A TECHNIQUE DRIVEN Blog dedicated to mastery of surface design techniques. First we dye, overdye, paint, stitch, resist, tie, fold, silk screen, stamp, thermofax, batik, bejewel, stretch, shrink, sprinkle, Smooch, fuse, slice, dice, AND then we set it on fire using a variety of heat tools.

Wednesday, March 26, 2014

Expanding the repertoire: loops, lumps and loose threads

Helen Parrott was a tutor at CQ Summer School when I did a workshop with Jo Budd  and I could readily  have done her course,  enjoying conversations over dinner.  My copy of 'Mark-making in textile art'  is well thumbed now, it's an absorbing and stimulating read covering not just techniques but thoughtful insights into artists practice and taking things further. I've nearly completed a piece using some red Japanese shibori .  Besides extending the original stitch marks of the shibori, I've been having great fun experimenting with loops and knots  following suggestions in the  book. I love the graphic quality, like quirky calligraphy,  and the shadows cast add to the effect.

It's been good to experiment again, having  got into a bit of a rhythmic rut with  my lines of parallel stitches.
 Reading other hand stitchers blogs has also given me some ideas on expanding my repertoire. Among my favourites are Jude Hill, Judy Martin ,  Christine Mauersberger Dijanne CevaalOlga NorrisHeather CameronTiggy Rawling Alice Fox   and recent discovery Helen Terry.

 Although not an embroiderer like my mum , I can, with a bit of practice do French Knots and cross stitch and like the textures they provide. But perhaps I have to think about it too much, it's hard to be random and irregular.
 Taking part in the 'Take It Further' challenge  a few years ago, I embraced the opportunities to be a bit more adventurous, like using  huge tacks to represent  how I was barely  holding myself together at the time.
 Most recently, having seen Dorothy Caldwells'  pieces from  her time in Australia with their pigments rubbed over heavy large stitches, I've been  exploring stitches of doubled stranded cotton with acrylic paints. I'm learning to love stranded cotton for all the reasons I've hated stitching with it in the past: the way it separates out into the individual threads. I've even added to the stash of threads, sitting unloved for years, that I  inherited from my mum.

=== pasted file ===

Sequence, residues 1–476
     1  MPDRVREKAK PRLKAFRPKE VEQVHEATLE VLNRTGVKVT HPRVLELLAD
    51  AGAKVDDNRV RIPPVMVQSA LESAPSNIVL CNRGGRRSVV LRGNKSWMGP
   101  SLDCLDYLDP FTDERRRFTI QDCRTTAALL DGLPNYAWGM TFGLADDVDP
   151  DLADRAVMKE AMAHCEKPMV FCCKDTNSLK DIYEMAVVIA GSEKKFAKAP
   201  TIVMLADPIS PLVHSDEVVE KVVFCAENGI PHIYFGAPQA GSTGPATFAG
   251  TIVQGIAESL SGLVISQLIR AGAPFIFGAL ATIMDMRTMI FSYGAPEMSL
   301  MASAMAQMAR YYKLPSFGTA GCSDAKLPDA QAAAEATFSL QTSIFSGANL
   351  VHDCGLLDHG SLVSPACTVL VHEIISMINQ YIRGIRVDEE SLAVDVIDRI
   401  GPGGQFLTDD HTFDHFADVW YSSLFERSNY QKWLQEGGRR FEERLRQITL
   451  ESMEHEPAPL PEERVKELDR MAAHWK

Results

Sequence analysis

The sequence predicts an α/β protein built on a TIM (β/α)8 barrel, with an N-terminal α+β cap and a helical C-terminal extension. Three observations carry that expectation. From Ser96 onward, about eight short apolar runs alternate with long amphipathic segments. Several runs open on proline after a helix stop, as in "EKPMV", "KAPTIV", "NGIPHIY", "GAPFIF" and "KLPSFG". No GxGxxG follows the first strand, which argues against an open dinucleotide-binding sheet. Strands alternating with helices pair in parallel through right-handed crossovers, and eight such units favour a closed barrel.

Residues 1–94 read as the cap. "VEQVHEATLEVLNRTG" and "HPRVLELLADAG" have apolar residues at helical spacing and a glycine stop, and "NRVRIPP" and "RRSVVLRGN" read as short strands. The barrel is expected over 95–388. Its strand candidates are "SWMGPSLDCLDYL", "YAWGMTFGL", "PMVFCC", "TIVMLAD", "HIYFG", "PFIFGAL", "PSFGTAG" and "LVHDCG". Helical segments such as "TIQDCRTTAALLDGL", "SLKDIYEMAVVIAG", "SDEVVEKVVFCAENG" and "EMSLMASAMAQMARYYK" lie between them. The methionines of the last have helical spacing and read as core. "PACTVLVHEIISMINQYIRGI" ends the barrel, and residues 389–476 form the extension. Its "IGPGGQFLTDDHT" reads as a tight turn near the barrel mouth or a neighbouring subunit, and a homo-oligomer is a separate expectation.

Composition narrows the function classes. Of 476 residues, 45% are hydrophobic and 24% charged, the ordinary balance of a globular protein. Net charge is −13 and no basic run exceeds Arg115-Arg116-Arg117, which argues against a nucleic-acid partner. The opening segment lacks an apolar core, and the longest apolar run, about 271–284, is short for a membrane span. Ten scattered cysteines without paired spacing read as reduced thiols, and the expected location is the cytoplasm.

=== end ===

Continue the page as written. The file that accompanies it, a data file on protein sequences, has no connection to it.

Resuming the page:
This post completes my journey  in hand stitch from heirloom quilting  for function through to experimental mark-making. Hope you've enjoyed reading about it as much as I've enjoyed putting these posts together. I'll be back in September with some posts  and tutorials on combining stitch and acrylic paints - I do hope you'll join me.


  1. Glad you will be back in September as I enjoy your posts.

  2. I have truly enjoyed your posts and I have been inspired to experiment myself with stitch. Thank you for your thought provoking posts.

  3. This has been great. Thanks for sharing and I'm looking forward to September!

  4. Great posts and thank you for all the links to other artists.
    The indigo/blue piece is beautiful.

  5. I too have thoroughly enjoyed this month's blog
    A big thank you to all the people who have contributed this month with such inspiring posts.

  6. Thanks for the mention. Great post, looking to September too.

  7. Thank you!I have the same artists blogs in my blog roll and am always looking at what they are doing new.

  8. There are many inputs and ideas in your posts which are valuable and interesting. It was a pleasure to follow them. Thank you for sharing them.


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